Our objective was to design a process to co-produce hydrogen and dimethyl ether (DME) from solar thermochemical syngas. This process uses syngas made via a process designed by researchers at Pacific Northwest National Laboratories (PNNL) which uses a parabolic solar dish to provide clean solar energy for the reaction which reforms natural gas to make syngas. This inital process is on a microscale and uses micro-reactors and heat exchanges on the nacelle of the solar dish to achieve an impressive solar-to-chemical energy efficiency of over 70%. DME is an alternative diesel fuel with can be used without emitting particulates like the fuel which is currently used in diesel engines, and is desired to be made from this syngas as it is also easier to transport and store. Methanol and hydrogen are side products in the reaction used to make the DME which are also purified for sale to help with the economic feasibility of the process.
To maximize the amount of DME that is produced we take advantage of the Reverse Water-Gas Shift Reaction to change the ratio of carbon monoxide to hydrogen in the syngas as this ratio greatly effects the productivity of DME production. Furthermore, we reduce carbon emissions throughout the process by using selective gas membranes to efficiently separate components without constant utility use and by using the excess heat produced from reactions to heat other parts of the process. We also took several green chemistry aspects into account, for example not using a solvent to separate any of our components to reduce the amount of waste and toxicity, and reducing our number of distillation columns as much as possible as distillation is a very energy-intensive process. Using the green chemistry metric E-factor, which is the ratio of waste to product produced, we are within the range of acceptable E-factors for the manufacturing of bulk chemicals.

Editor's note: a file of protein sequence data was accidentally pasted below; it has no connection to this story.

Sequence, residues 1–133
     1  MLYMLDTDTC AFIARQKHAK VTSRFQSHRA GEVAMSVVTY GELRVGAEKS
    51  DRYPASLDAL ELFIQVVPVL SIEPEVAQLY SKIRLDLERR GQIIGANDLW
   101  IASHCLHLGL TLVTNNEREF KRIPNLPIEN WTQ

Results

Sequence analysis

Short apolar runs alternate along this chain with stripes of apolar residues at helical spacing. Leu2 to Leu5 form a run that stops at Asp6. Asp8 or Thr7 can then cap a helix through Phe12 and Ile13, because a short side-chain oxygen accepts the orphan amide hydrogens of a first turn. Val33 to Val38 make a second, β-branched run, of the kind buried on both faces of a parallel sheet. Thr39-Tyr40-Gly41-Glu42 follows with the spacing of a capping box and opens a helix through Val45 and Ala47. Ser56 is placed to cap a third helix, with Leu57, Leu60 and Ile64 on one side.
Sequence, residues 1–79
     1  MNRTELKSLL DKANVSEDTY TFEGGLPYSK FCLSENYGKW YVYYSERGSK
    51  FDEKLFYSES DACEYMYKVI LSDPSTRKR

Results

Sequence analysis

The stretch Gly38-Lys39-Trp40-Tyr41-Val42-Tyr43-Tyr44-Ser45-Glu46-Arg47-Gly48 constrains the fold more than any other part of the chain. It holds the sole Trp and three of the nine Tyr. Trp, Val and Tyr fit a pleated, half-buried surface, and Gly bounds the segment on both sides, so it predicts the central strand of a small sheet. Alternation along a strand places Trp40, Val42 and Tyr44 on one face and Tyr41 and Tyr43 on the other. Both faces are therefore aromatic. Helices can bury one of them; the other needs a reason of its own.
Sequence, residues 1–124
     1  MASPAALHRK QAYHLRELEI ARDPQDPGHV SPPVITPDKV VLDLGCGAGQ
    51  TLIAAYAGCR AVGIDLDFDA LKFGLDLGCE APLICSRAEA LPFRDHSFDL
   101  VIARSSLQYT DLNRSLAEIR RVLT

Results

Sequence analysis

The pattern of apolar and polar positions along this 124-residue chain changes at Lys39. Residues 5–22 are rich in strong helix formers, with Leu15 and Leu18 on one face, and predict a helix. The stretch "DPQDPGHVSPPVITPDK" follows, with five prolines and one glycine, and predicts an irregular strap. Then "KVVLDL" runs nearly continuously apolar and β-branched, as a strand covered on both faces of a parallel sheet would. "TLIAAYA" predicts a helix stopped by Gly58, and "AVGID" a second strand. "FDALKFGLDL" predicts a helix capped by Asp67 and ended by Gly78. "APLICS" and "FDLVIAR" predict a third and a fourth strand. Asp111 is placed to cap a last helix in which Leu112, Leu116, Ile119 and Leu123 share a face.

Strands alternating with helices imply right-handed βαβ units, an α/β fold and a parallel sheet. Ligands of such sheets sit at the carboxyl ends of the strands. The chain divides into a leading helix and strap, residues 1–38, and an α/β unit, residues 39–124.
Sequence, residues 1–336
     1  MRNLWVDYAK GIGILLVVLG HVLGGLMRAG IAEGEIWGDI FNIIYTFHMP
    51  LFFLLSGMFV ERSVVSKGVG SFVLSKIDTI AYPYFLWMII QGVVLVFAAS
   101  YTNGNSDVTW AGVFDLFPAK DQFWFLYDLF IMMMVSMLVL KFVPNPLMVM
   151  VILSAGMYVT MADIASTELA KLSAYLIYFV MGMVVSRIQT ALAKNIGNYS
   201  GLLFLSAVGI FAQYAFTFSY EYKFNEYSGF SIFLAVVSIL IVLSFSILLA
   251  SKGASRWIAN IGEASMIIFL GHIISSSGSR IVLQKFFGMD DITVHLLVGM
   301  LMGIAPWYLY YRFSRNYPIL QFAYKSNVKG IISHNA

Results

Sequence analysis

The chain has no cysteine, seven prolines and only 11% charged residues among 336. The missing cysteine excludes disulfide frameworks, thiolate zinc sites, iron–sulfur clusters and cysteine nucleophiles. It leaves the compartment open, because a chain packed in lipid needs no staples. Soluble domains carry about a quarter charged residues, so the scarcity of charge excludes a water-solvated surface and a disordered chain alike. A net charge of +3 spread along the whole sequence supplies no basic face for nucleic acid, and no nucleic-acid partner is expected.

|Slides describing our project and breaking down our design and results